Favorite Childhood Movie: I don't know! When I was in grade school we watched an old black and white movie called "Life with Father." (Elizabeth Taylor was a teenager, and one of the policemen from "Adam 12" was a little younger.) Some of the humor was so subtle (especially the part about the pug dog) that my brother and sisters and I loved that movie and still talk about it, even though I haven't seen it in years.
Crystal Editor's note: Marti knows more about old TV shows than anyone I know. She is a walking library. And she knows all sorts of details--in case you need an expert when you're writing. Ask her or daughter Katie about Star Trek.
Favorite Childhood Book: Laura Ingall's Wilder's "Little House" series. I read them over and over, and even now, as an adult, sometimes I feel a little nostalgic and go read them again.
Childhood hero: This'll be the third time I've mentioned this, but in the mid-1970's, I thought that the people who wrote "Schoolhouse Rock" had THE best jobs in the world!
Favorite Childhood Easter Memory: I don't know that there is a specific memory so much as remembering my Easter dresses. My mother is such an amazing seamstress ... and when I was really little, she made me dresses every year. I always thought mine were the best because everyone else had store bought dresses, but mine were made by Mom.
Crystal Editor's Note: Marti is famous in our SALT sisters group for telling stories about her family. They are really good stories. And she could not resist telling us a story about children in her life as an adult. So, because Marti is a good storyteller, I am indulging this here! (Hey, I'm the boss of this blog...)
The Kramer Sisters (brother Bill is in the baby photo above.) Marti is to the left.
And if I'm allowed into adulthood :-): Several years ago, all 5 Kramer children and their spouses and children met at Mom & Dad's for Easter weekend. Mom asked sister Nancy and Kate & Scott to color the eggs on Saturday ... pointed them out in the fridge and then left them to do the coloring. They colored ALL of the eggs in the fridge, instead of just the hard boiled ones. So the next day, not knowing which eggs were which, Mom hid all of the eggs and told everyone just to be very careful when eating the eggs later.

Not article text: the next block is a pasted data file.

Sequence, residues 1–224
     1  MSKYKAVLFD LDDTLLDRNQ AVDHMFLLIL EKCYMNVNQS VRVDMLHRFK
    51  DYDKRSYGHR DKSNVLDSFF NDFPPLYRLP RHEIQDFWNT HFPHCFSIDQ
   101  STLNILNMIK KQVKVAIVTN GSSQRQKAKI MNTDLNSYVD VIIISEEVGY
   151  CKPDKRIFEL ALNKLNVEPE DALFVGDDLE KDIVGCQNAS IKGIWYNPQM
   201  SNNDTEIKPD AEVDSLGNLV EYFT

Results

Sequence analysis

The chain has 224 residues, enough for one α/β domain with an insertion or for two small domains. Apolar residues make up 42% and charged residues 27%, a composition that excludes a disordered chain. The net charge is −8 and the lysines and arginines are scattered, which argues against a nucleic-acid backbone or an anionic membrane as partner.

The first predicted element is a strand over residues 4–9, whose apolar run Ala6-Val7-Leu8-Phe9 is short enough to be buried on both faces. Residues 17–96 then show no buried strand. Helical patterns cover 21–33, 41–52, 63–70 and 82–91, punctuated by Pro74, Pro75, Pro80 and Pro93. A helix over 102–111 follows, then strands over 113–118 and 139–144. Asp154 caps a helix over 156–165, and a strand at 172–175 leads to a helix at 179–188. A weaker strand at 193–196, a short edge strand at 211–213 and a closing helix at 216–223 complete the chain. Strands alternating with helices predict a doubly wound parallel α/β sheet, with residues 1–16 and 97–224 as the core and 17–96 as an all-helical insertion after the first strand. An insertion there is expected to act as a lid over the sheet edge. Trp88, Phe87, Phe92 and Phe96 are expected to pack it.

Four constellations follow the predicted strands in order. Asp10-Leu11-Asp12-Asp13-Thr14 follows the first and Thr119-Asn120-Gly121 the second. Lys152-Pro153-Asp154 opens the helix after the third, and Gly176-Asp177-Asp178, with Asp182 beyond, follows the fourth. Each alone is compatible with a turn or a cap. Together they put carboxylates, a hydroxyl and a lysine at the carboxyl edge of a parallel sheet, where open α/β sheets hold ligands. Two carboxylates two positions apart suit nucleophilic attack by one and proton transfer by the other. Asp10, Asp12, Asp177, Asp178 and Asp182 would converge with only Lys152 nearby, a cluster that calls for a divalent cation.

The egg hunt went well. The grandchildren found them all. My nephew Logan (probably 8 at the time) had a stuffed snake ... it was so long he could coil it around his neck and still have plenty of snake left to scare cousins with. He jumped out at Abby (age 4) & scared her with his snake. Abby was so startled that she dropped her basket. And that's when we found some of the raw eggs! Of course, it ruined her chocolate bunny.
Logan felt so badly about it that he gave his bunny to Abby.That was a really special memory for me because it showed what a kind, concerned young man Logan already was, and still is. He was only 8 but already understood how to show Jesus's love to other people.
Crystal Editor's note: Now, see why I love Marti? She's a genius storyteller. She should be writing Hoosier novels. Just my professional opinion.
Marti's book of children's sermons is coming out in CSS's Fall catalog. It is, as yet, untitled (though it could possibly be: Four-minute Lessons for Young Ears, Eyes, and Hearts. )
She's published with Contemporary Drama Service:
Mini-Musicals for Special Days
Daughter of the American Revolution and an expert in genealogy. Marti is one of the unrecognized geniuses of our time. Keep an eyeball on her.
Hot off the press! Looking for a book to help with your children's sermons? Marti has written it!
And 30 More Children's Sermons
By: Marti Kramer Suddarth
CSS Publishing Co., Inc.
CSS Price: $12.95
CSS Item #: 0788024841